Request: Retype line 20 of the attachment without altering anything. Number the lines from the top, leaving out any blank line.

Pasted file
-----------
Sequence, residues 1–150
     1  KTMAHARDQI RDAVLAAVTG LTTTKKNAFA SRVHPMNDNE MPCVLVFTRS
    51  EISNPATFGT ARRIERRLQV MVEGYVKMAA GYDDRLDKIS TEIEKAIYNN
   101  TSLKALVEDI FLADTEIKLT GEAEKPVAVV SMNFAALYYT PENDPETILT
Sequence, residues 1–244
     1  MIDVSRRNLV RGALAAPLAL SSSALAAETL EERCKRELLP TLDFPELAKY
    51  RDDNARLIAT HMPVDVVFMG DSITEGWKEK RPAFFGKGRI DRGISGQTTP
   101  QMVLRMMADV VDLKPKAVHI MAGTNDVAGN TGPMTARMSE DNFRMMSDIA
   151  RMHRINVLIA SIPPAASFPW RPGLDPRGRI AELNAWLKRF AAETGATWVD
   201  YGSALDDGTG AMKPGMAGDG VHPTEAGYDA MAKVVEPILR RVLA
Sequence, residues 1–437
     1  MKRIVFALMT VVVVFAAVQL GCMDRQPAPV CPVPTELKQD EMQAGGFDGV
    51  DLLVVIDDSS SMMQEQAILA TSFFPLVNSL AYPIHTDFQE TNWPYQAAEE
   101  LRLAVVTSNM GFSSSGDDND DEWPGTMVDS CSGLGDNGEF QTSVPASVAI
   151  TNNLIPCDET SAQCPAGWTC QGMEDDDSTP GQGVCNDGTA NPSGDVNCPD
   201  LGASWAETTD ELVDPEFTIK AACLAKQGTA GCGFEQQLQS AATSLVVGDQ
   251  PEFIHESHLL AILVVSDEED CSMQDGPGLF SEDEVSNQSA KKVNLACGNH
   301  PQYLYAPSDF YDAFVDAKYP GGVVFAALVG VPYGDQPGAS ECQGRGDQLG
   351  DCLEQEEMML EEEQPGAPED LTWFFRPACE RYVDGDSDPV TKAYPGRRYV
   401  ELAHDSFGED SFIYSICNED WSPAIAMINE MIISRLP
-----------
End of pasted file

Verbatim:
   401  ELAHDSFGED SFIYSICNED WSPAIAMINE MIISRLP